Rainy evening in Singapore. People are leaving Singapore Indoor Stadium, drained emotionally but joyful. A few hours ago, Tundra Esports, in a remarkable style, outplayed Team Secret to win The International 2022, also known as the Dota 2 World Cup.
The British organization executed their game almost flawlessly during the tournament: not a single lost match in the Group Stage, super confident Upper Bracket run (they lost only one map in three matches), and a massacre in the Grand Finals, demolishing Team Secret 3-0, even though they were one of the favorites.
Read more: Talon.Kpii: "For me, the current meta is boring."
Eight and a half million dollars in pockets and eternal glory engraved on the back of the Aegis. But many of you may be wondering: who is Tundra Esports anyway? Where do they come from? In short: a couple of years ago, Maxim Demin, at that moment the owner of Bournemouth FC which played England's top football division, founded Tundra Esports. Today, it is run by his son, also Maxim, who grew up and studied in the UK.
What Does Tundra Esports Do?
The team has two reasonably strong esports teams: Dota and Rocket League. Also, they have players / content makers in Fortnite and FIFA.
The organization was launched in 2019, when they signed FIFA World Champion Mosaad "Msdossary" Aldossary along with a couple of Russian FIFA players. It was a loud, juicy, and powerful beginning.
By the way, regarding the content creators. Much more than esports, Tundra has been working with streamers and media personalities. Here's a list of people they signed:
- PMoney, a famous rapper.
- Hoxieloxie, a Dota 2 streamer.
- Virgil van Dijk, an FC Liverpool football player, Premier League and Champions League winner, one of the Tundra's investors.
- Motor, a very popular streamer
- And others.
Of course, their Dota roster can be called the central pillar of the organization.
Tundra signed the Mudgolems mix in January 2021. In November 2021, after quite successful performances and $300,000+ earned, the entire roster signed contracts up to 2024, which is very rare in esports. But already in February 2022, they replaced Adrian "Fata" Trinks with Martin "Saksa" Sazdov, and still, as you can see, this only benefited the team.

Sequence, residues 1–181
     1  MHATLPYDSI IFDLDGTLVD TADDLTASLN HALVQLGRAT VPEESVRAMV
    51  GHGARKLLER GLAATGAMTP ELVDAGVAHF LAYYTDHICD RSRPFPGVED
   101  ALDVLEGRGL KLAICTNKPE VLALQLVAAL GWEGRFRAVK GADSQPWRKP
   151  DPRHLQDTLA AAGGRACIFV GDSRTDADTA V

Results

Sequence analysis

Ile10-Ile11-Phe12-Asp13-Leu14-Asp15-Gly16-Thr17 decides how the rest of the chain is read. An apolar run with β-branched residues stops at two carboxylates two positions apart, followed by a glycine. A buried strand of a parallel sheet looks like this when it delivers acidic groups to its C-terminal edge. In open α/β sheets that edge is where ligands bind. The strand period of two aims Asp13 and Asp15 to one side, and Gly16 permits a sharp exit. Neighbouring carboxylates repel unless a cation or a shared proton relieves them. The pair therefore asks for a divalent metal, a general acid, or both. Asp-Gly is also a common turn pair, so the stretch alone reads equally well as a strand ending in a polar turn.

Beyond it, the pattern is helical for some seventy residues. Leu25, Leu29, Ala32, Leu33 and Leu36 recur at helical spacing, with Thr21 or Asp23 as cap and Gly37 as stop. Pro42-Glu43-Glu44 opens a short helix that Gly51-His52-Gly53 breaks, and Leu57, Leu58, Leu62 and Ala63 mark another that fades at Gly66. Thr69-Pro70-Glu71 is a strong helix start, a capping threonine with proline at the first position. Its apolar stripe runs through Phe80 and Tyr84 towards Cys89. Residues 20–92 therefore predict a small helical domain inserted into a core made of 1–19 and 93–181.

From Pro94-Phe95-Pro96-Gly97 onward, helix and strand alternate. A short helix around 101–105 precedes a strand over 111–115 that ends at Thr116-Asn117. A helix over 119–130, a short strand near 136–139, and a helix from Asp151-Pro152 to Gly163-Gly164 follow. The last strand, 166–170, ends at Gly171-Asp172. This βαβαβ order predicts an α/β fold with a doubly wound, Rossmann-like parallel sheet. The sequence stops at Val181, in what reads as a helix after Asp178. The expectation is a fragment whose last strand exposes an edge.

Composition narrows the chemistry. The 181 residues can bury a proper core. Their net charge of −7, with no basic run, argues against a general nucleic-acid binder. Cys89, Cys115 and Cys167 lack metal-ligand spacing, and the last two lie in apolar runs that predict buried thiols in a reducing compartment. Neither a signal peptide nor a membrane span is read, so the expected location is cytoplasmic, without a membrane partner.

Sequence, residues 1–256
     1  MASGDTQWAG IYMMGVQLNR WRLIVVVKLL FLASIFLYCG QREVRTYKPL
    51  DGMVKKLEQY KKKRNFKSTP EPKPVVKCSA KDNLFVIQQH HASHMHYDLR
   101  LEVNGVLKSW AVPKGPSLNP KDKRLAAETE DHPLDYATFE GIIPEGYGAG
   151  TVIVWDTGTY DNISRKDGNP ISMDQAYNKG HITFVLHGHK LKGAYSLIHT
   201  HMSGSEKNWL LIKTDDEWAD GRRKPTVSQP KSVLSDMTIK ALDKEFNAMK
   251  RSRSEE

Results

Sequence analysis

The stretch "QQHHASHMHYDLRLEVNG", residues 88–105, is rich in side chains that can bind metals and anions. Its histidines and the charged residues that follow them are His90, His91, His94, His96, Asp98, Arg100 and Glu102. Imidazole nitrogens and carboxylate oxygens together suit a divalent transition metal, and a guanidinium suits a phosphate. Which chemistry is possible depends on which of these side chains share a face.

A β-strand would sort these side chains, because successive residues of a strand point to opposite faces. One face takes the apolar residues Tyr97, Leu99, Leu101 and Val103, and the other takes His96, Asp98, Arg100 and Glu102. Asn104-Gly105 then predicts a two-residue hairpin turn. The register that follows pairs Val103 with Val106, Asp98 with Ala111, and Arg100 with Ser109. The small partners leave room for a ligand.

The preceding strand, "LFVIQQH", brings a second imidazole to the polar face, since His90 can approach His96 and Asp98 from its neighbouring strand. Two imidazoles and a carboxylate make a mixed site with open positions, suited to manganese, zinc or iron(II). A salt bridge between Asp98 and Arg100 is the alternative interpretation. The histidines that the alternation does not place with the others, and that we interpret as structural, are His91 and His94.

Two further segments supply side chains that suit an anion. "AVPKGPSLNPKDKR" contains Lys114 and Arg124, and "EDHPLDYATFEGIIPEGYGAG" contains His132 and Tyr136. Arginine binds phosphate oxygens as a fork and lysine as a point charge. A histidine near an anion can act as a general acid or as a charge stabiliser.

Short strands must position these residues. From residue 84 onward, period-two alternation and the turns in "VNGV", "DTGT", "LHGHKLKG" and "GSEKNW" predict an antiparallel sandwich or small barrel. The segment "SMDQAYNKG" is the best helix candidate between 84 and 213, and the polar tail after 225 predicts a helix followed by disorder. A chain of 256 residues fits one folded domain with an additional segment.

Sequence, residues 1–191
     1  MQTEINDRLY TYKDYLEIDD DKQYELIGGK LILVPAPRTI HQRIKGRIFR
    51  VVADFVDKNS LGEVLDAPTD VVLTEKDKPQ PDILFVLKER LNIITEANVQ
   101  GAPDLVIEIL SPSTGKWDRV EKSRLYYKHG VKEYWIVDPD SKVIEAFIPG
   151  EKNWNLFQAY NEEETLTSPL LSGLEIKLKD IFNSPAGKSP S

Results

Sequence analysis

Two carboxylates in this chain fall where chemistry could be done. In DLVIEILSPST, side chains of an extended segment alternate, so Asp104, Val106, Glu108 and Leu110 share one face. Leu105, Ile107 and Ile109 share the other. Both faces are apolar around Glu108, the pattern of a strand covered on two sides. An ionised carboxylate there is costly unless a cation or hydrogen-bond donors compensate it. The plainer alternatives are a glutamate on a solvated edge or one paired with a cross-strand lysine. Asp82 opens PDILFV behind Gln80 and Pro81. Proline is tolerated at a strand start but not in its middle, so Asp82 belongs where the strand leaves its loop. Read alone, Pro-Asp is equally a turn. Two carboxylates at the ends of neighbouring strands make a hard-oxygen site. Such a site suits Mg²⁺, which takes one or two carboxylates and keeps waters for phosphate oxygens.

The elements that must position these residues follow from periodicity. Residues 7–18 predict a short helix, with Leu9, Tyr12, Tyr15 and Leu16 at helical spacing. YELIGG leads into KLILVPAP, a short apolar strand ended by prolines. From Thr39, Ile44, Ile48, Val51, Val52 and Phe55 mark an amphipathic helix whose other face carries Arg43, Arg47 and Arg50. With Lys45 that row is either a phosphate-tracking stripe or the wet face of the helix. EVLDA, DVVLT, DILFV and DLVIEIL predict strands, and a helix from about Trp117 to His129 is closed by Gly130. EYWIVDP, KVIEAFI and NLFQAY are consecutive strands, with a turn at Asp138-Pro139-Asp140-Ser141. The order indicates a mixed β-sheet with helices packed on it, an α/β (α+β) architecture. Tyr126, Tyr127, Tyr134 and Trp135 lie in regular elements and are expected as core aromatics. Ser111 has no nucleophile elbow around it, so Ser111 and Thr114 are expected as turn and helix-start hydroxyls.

Who Owns Tundra?
Maxim Demin, a Russian-British businessman, is the ex-manager of Tatneft in Tatarstan. Previously the owner of Bournemouth FC, which he sold for 120 million pounds in early October. When he launched Tundra Esports, Demin Sr trusted some Russian football officials to sign many well-known FIFA esports players to promote Tundra's brand. Nevertheless, at the beginning and for some time, Tundra wasn't even close to any kind of success in esports. But one day, they decided to shift their direction.
Demin Sr left Russia in 2005. These days, he earns by selling fuel, industrial chemicals and metals, finally moving to England and getting citizenship. His Whintel and Whintel Holdings companies are based in Surrey and have nothing to do with Russia.
As we mentioned above, he became a British citizen long ago, which is why he avoided the sanctions list and continued his activities as a functionary and a businessman. But here comes the interesting part.
Even though many media consider Demin Sr as the owner of Tundra Esports, there's not much information available about him and the club's other owners. Until yesterday evening, when Liquipedia updated Tundra's page.
Since December 2021, the Ukrainian Evgeny Roshchupkin, who previously worked at Viber, Red Bull and Gfinity, has been named the CEO of Tundra Esports.
However, it's much more straightforward. We found a different person after browsing through Twitter and victory celebration photos after TI2022.
Maxim Demin Jr is obviously the son of Maxim Demin, given his surname and similar appearance. And his Twitter header reads, "Owner and co-founder of Tundra Esports".
Fun Fact: almost at the organization's start, Tundra signed two severe partnerships: with the Kappa sports brand and TikTok. Why? No idea. Recently, they also signed with 1xBet as the leading partner.
Overall, Tundra Esports appears to function as a well-thought-out project that has skyrocketed successfully. It's pretty risky in (e)sports, and there should be investments. The club works qualitatively with the media and the community; they develop and grow. And now they have written themself into the history of at least one major esports discipline forever.
Indeed, Tundra had a decent start thanks to serious funding, but allow us to draw some parallels with football since there are so many people related. For example, Manchester City FC started winning the English Premier League titles not because of genius coaches and tacticians. Instead, the Arab sheikh poured a lot of money into the team and waited for quite some time to establish the Blues' league hegemony.
We wish Tundra success. They absolutely deservedly won The International 2022, being head and shoulders above all their rivals.